[Editor’s note: This is the first in a long overdue series introducing the different ACU physics projects. This story is by ACU students Kyle Gainey and Spenser Lynn.]
Everything in the universe, from the smallest particles to the largest stars, is controlled by the laws and forces of nature. These forces cause an apple to fall to the ground and even give power to the sun. Phenomena such as these have fascinated people for ages and their curiosity has led them to ask the question, why? Physics is a natural science with the goal of explaining the laws of nature in a defined, mathematical way. The men and women who study physics are called physicists and, using the scientific method, they work to unravel the mysteries of the universe. To do this, physicists try to find out what everything is made of and how it works. By now, they have learned a lot: all things are made of tiny bits of matter called molecules. The smallest drop of water possible is a water molecule (H2O). Molecules are made of smaller particles called atoms. Atoms form into different types called elements and are organized on the periodic table of elements. A water molecule, for example, is made of two hydrogen atoms and one oxygen atom. Smaller still are protons, neutrons, and electrons which build atoms. Most high school text books stop at protons, neutrons, and electrons and declare them to be the smallest building blocks of nature, but nuclear physicists are interested in even smaller particles such as quarks and gluons, which make up protons and neutrons. Observing these microscopic particles with the human eye or even a microscope is impossible, so it is necessary to build large detectors that use high speed technology and computers in order to make observations about these particles.
One such detector is the Pioneering High Energy Nuclear Interaction eXperiment, also known as the PHENIX Experiment. PHENIX is so large that one person could not operate it alone, so hundreds of physicists from all over the world work together in a team called a collaboration. PHENIX is the largest of four particle detectors at the Relativistic Heavy Ion Collider (RHIC) at Brookhaven National Lab on Long Island, New York. PHENIX is made up of many different parts, each of which play a specific role in the experiment. Altogether, PHENIX weighs more than 6,000,000 pounds and is larger than a house. By using PHENIX and RHIC, physicists hope to better understand the fundamental laws of physics, the Big Bang, and a new state of matter called Quark-Gluon Plasma that may have existed in the moments after the beginning of the universe.
In order to to study quarks, gluons, and other small particles, physicists at PHENIX follow a multi-step procedure that begins with a gold ion beam and ends with a published paper. Beginning at the Tandem Van de Graff, a gold ion beam is produced. A gold ion is a gold atom that has some of its electrons stripped away. The ion beam travels through a pipe that uses magnets to direct the beam to the booster. At the booster, the beam’s energy is increased and the particles are accelerated. The beam then travels to the Alternating Gradient Synchrotron (AGS), where it is accelerated again before traveling to the RHIC beam line. Once in RHIC, the beam is traveling at 99.995% of the speed of light, which is about 671,000,000 miles per hour. RHIC is a circle with a circumference of two miles, and located at different location along the ring are the four particle detectors. Before entering RHIC, the ion beam is split in half, with half of the beam traveling around RHIC clockwise and the other half traveling counterclockwise. The beams are kept in two parallel beam pipes that only intersect at the detectors. At PHENIX, the two beams collide and the gold ions smash into each other with enormous amounts of heat and energy. The temperature inside of a collision is greater than one trillion degrees Fahrenheit. When the ions collide, they create a shower of particles, and different kinds of particles are scattered in all directions. These particles then travel through the many types of detectors in PHENIX where high speed electronics record what happened. The signals from the electronics are then sent from the detector and are organized into an event and recorded. The events are continuously monitored to ensure that nothing has gone wrong. The data are then sent to the RHIC computing facility for processing. Supercomputers process the data and reconstruct it so that physicists can learn things such as the particle type, momentum, energy, and charge. After reconstruction, the data are analyzed. By looking at the collected data, physicists hope to make new discoveries about elementary particles, the Quark-Gluon Plasma, and proton spin. Their finding are then published in a scientific paper to be shared with the rest of the scientific community.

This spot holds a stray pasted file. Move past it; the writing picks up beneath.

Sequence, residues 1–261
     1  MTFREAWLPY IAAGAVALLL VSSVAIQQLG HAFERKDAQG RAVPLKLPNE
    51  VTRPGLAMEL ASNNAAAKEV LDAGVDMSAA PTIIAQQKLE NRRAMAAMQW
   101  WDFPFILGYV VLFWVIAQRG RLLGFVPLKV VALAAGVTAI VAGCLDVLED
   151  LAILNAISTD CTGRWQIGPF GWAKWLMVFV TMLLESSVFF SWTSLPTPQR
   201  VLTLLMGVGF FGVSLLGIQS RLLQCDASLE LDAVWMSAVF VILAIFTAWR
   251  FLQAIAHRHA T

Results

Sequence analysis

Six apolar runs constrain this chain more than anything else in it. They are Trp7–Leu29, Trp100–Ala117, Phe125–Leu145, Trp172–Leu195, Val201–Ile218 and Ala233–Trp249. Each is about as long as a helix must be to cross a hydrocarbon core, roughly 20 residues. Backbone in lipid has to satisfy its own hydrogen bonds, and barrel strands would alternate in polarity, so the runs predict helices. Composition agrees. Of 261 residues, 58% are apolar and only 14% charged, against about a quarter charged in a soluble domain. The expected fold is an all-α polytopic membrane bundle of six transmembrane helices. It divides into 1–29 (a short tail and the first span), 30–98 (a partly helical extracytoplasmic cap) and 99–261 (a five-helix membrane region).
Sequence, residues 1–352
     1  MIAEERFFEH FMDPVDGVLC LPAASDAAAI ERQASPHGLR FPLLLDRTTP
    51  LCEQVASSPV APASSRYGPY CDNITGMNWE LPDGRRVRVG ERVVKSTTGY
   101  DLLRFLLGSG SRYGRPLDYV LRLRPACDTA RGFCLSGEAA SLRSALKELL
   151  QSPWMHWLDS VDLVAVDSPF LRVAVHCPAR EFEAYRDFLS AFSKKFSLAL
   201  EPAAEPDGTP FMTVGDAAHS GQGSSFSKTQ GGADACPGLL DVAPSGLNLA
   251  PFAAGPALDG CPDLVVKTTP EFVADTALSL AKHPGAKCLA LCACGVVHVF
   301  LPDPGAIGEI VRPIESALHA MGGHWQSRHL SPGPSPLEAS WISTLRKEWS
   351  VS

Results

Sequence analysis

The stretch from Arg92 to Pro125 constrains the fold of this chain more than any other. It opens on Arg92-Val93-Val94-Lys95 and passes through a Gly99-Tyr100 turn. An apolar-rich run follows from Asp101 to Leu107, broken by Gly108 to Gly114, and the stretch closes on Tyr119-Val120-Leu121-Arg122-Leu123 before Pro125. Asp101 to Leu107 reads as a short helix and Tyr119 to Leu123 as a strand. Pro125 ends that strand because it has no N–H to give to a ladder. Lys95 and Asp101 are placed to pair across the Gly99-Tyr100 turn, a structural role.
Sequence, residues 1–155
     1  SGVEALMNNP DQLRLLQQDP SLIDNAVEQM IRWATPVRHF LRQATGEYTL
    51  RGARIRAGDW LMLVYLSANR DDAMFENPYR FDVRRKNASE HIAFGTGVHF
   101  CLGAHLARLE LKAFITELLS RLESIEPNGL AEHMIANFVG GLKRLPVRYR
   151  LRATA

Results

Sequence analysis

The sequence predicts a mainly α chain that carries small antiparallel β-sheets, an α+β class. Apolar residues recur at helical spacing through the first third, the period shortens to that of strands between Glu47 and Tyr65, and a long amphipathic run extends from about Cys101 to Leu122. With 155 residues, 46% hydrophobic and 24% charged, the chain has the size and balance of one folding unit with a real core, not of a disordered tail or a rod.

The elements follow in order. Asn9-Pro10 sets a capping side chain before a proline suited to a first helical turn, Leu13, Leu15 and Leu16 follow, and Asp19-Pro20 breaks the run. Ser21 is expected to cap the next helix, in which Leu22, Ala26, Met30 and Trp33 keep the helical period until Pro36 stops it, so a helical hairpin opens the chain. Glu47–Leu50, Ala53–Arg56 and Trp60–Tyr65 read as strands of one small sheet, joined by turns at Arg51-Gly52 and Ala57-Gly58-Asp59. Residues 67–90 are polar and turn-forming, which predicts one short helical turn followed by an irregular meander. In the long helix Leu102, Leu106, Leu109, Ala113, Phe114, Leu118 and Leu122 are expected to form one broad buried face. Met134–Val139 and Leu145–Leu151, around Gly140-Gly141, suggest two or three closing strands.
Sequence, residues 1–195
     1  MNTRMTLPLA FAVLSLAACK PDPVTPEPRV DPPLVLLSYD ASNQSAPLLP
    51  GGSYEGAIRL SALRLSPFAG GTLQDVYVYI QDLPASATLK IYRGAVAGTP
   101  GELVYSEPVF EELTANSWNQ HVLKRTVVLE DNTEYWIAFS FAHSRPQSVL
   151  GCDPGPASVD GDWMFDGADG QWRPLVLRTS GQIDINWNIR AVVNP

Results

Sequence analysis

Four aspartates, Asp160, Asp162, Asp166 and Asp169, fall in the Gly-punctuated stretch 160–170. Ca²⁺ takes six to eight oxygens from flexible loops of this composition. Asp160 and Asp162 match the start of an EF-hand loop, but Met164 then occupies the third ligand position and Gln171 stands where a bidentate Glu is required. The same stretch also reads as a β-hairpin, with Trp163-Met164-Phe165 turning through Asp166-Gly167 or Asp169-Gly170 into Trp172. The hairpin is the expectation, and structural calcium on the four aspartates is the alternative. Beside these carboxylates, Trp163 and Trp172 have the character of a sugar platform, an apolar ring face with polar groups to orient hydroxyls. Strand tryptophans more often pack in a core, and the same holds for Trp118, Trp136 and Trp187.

The research going on at PHENIX is real and is making an impact on the lives of people all over the world. From medical applications such as cancer treatment and MRI, to improving nuclear energy and other forms of alternative fuels, physicists are working to solve some of the most pressing challenges today. The future looks bright for PHENIX and all fields of physics as physicists continue to probe deeper into the mysteries that exist in our universe and continuously learn new things.
–Kyle Gainey and Spenser Lynn